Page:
Patients are increasingly turning to the Internet for health information. In an article published yesterday in the New England Journal of Medicine, Pamela Hartzband, MD, and Jerome Groopman, MD, discuss how the Internet is redefining the roles of physician and patient and why patients should always seek guidance from their doctors in interpreting online health information. The physicians write:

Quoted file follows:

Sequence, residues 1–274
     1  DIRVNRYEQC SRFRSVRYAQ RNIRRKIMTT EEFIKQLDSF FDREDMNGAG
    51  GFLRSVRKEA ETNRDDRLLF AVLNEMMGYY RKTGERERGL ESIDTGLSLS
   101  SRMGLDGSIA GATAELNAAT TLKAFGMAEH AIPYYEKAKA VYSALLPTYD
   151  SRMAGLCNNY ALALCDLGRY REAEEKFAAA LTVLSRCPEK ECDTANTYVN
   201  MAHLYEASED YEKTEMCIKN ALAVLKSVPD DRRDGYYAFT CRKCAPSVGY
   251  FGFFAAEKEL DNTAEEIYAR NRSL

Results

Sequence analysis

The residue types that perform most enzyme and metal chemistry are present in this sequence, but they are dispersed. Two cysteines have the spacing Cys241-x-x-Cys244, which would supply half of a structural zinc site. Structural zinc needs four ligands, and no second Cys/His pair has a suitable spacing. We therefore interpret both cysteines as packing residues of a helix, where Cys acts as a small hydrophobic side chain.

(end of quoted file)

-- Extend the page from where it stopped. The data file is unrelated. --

Beyond providing broader, speedier access to information, the Web is profoundly changing communication between doctor and patient. Many patients feel free to e-mail not only their own doctors but also specialists around the world. Many doctors also take the initiative and inform their patients of test results by e-mail - an efficient practice that will probably be favored under health care reform. But exchanging e-mail with patients can become time-consuming and burdensome, and there is generally no reimbursement for it. Moreover, sending e-mail is quite different from speaking with a patient face to face, and doctors must consider carefully what they say and how they say it. It's impossible to judge the effect on patients of information transmitted through cyberspace: we can't observe grimaces, tears, or looks of uncertainty. And written dialogue is quite different from spoken conversation: replies may be delayed, phrases may be more stilted, tone of voice is absent. We should pay close attention to any unintentional fraying of the physician-patient bond.
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